I want to rephrase this native Japanese word using a kanji compound!

You can broadly classify words in the Japanese language into 3 main groups: Native Japanese words (called "wago"), kanji words that originally came from China ("kanjijukugo" - kanji compounds) and loanwords from other foreign countries.
You'll find lots of cases, like '危ない' and '危険', where there are both native Japanese words and kanji compounds of Chinese origin that express the same meaning.
Given such a choice, if you use lots of native Japanese words, your writing will have quite a soft feeling.
Use lots of kanji compounds and the writing will sound slightly sterner, but will be given a firmer, more authoritative image.
Therefore, researchers' theses, writing used in the workplace and so on tend to use more of these kanji compound words.

Sanseido Web Dictionary's (Introduction article) 'ことば百科 (Language authority/encyclopaedia)' has a section called '和語を漢字熟語で表現する (Express "wago" using "kanjijukugo"), which shows you the kanji compound equivalents for native Japanese words.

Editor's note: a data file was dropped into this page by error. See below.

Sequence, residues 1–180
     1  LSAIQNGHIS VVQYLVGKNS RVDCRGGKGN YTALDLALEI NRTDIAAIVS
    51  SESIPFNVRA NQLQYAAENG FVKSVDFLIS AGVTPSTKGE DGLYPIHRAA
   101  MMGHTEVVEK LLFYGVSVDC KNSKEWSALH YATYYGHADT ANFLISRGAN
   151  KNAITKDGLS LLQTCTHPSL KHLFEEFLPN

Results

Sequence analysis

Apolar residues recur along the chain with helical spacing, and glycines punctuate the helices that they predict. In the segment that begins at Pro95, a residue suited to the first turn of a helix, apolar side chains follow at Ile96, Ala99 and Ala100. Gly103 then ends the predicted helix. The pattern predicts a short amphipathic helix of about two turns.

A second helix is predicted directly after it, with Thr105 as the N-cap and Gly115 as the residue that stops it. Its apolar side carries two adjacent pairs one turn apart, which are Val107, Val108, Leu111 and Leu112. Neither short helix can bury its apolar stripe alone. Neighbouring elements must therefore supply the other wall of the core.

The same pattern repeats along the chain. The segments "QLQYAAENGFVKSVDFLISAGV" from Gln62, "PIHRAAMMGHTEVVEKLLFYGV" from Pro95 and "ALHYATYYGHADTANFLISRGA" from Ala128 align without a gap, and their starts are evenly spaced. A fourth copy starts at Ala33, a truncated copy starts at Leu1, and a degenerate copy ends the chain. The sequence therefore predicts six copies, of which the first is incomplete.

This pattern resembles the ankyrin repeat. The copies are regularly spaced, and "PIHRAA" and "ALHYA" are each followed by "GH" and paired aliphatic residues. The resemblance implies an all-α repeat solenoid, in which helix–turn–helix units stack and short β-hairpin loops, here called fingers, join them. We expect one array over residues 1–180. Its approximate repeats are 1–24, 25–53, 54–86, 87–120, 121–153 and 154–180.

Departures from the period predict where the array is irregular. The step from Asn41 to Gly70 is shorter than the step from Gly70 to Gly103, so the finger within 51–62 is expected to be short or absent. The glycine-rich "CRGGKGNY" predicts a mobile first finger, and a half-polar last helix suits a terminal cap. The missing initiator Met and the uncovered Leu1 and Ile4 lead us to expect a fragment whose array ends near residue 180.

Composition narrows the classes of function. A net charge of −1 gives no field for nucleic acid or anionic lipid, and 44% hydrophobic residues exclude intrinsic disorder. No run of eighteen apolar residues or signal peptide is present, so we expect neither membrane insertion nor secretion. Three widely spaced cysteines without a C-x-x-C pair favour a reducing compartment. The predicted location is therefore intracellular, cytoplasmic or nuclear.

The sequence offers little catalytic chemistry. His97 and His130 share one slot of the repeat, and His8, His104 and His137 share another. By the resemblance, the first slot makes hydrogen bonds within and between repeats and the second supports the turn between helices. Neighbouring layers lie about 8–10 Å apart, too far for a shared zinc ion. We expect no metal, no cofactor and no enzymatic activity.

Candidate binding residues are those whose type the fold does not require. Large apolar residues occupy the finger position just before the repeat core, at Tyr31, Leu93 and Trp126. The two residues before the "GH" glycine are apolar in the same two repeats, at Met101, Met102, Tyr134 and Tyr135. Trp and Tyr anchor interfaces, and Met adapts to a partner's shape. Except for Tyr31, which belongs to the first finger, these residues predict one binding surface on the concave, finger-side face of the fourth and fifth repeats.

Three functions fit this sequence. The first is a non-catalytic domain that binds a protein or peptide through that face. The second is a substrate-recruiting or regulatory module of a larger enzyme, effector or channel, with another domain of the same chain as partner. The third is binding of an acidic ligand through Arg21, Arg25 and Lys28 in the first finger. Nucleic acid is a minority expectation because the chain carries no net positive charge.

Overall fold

If you decide you want to use a lot of kanji words, perhaps if you find yourself writing a thesis in Japanese at some point, then this will be a good reference for you.

Let's look up a kanji compound for the native Japanese word 'さがる (下がる)'.
From the hiragana list on the right of the screen, click on the 'さ-line' ('さーそ').

'さがる' appears as the third item down on the list of entries.
The meaning of the word and its uses are written down in the '和語 (native Japanese word)' column.
We can see that there are 4 different ways to use 'さがる'.
For each use of the word, appropriate kanji-compound equivalents are also shown.

You can now rephrase sentences with native Japanese words to include kanji compounds. For example...
'血圧を下げる薬' (medicine to lower blood pressure') becomes '血圧の降下剤',
'技術のレベルが下がる' ('the skill-level decreases') becomes '技術のレベルが低下する',
'先頭を走っていた選手が3番目に下がった' ('the leading runner dropped down to third place') becomes '先頭を走っていた選手が3番目に後退した'
...and so on.

However, some kanji compounds are rarely used in everyday life, for example, words like '垂下' and '下垂', which have the same meaning as 'たれさがる'(to hang, to dangle).
Also, when deciding to use kanji compounds, you need to think about the balance between, and combinations of, native Japanese words and kanji compounds in your piece of writing as a whole.
As in the case of the first example given above, where '下げる薬' becomes '降下剤' you also have to consider changes to vocabulary used alongside your key word.
Keeping that in mind, try using this convenient feature and
you'll soon have a great stock of useful Japanese expressions at your disposal!

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